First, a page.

It is a little crazy to Kara Lentine that she was recognized by the Illinois State Board of Education in only her second year of teaching.
“Right from the very beginning, when I saw her with students and what I saw her doing in her classroom, ... I was really pretty stunned,” Principal Bridget Belcastro said. “I thought I was looking at a fairly experienced teacher, and I knew she was in her first year.”
Belcastro nominated Lentine for the state board’s Those Who Excel and Teacher of the Year awards because of how she interacts with her students.
“She has what is referred to as a teacher intuition,” Belcastro said. “She knows how to make connections with kids, and her knowledge of content ... is so strong.”
Lentine said she works toward ensuring that the students are leading the way in their own education while in her classroom.
“One of my professors said it is important to make it student-led. They take more accountability in their learning that way,” Lentine said.
Her classes are doing “total body learning,” Lentine said. That includes visuals, hands-on manipulation to create brain links and even movements to learn different vocabulary words.
I think a lot of teacher can say they build a rapport, but I truly spend time outside of school to get to know the kids, their interests and their hobbies. It creates a culture of respect in the classroom and goes hand in hand with classroom management.— Teacher Kara Lentine
”They are up and moving and engaged in learning. It is something that I aim for and am a huge advocate for,” she said.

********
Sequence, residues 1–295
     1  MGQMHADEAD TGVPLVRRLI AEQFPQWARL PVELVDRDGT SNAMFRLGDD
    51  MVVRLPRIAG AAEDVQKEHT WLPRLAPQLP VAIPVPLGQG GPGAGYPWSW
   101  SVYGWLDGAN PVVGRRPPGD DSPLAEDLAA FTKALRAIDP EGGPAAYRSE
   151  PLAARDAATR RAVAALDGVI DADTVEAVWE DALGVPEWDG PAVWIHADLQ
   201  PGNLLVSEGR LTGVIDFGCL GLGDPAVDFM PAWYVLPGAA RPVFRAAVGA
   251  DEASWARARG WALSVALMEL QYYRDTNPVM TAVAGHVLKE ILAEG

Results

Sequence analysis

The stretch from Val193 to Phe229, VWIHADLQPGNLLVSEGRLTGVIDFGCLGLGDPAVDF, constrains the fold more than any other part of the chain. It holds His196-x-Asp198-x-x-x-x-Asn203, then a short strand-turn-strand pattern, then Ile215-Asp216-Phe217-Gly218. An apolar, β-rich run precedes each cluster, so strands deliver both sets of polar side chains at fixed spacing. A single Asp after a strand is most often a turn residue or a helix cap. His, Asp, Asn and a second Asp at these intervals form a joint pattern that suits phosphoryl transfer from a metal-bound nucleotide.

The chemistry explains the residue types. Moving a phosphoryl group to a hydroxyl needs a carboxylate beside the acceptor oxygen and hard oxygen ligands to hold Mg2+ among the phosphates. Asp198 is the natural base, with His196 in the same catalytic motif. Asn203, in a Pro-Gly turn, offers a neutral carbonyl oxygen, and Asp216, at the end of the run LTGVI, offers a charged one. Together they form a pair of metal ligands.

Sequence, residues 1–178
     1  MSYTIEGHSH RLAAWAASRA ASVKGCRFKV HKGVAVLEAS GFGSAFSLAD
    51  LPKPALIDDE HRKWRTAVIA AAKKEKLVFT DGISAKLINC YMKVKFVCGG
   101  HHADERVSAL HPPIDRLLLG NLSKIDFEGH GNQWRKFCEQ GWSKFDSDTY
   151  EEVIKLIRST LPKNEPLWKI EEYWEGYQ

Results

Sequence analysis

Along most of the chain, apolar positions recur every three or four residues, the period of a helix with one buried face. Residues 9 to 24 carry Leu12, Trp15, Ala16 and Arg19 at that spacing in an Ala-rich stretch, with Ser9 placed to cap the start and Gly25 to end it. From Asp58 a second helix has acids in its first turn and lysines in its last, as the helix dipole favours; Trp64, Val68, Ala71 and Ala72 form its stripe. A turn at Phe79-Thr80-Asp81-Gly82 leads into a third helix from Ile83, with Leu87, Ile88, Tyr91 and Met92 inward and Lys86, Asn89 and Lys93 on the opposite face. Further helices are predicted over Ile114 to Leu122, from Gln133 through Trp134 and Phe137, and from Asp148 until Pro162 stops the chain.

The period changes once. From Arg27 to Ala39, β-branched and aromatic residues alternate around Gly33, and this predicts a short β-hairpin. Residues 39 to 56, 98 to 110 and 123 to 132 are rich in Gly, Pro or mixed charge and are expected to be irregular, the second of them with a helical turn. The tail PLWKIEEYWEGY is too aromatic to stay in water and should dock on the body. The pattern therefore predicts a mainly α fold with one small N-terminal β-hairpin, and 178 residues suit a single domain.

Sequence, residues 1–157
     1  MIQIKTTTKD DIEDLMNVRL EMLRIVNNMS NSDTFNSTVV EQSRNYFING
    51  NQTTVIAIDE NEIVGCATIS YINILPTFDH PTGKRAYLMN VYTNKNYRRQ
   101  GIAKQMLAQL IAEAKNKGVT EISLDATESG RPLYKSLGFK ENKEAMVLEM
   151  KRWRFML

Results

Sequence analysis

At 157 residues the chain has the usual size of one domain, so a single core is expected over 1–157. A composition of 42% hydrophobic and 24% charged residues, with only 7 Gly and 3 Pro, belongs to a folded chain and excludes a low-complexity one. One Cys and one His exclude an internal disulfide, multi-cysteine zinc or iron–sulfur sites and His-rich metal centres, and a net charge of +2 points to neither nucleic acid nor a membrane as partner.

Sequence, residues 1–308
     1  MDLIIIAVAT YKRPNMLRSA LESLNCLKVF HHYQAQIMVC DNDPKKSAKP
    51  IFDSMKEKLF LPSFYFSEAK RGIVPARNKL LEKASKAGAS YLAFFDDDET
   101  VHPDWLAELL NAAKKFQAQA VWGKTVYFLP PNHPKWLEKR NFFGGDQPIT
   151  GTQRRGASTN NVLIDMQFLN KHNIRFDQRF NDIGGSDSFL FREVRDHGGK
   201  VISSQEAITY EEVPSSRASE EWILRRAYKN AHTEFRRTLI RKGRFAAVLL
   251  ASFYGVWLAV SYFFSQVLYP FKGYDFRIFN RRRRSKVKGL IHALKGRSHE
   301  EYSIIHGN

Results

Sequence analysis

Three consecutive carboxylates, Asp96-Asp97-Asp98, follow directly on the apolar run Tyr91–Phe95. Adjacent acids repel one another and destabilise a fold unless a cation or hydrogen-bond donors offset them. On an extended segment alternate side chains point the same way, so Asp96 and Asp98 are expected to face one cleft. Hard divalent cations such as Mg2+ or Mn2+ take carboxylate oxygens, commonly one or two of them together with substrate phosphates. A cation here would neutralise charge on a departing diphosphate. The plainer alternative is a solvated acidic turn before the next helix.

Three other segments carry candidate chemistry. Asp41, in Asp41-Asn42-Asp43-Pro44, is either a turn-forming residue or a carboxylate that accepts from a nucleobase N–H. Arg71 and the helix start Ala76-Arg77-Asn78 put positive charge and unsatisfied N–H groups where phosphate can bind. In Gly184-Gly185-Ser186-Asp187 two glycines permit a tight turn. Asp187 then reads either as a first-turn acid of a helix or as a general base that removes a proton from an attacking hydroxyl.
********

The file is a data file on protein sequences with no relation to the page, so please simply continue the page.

Lentine brings her students into what she calls a “community circle.” They’ll sing a song, she’ll ask them a question, or she’ll take a sock and put three different things in it and ask students to share thoughts.
That’s all part of building a “culture of respect,” Lentine said, “the social-emotional interaction they were missing (during the pandemic).”
She was a junior in college when the COVID-19 pandemic hit and schools switched to online learning. In the fall of her senior year, Lentine’s student-teaching was all done remotely.
Her students started school remotely, too.
“Because they started in kindergarten remotely, they missed the social-emotional pieces” that come with going to school, Lentine said. “The kids really missed interacting with each other, ... some type of normalcy.”
Part of helping students transition to in-person learning and building a sense of community includes Lentine getting to know her pupils’ likes and interests, too.
“I think a lot of teacher can say they build a rapport, but I truly spend time outside of school to get to know the kids, their interests and their hobbies,” she said. “It creates a culture of respect in the classroom and goes hand in hand with classroom management.”
She also builds a rapport by having the students lead parent-teacher conferences through recordings she makes in the classroom.
“The kids are not there with me, but I record their voices,” Lentine said.
The students tell their parents in their own words “how they have grown as readers, in math and science, as explorers.”
“[Parents] really enjoy hearing their own children’s words, and they are part of the conversation,” she said.
Although some students struggle more than others in narrowing the achievement gap, her students have shown great progress in their standardized tests, Belcastro said.
“She is successful at not just building relationships, but her students’ achievement is also very strong,” Belcastro said.
Lentine is “not a showy person,” and she gives credit to her team at Johnsburg Elementary and would “never toot her own horn or put herself out there” as an expert, Belcastro said.
And although Belcastro said she’s never seen another teacher who connects like Lentine does, she doesn’t take credit for that either.
“I am sure teachers have done it before,” Lentine said. “I can’t claim it is something I came up with.”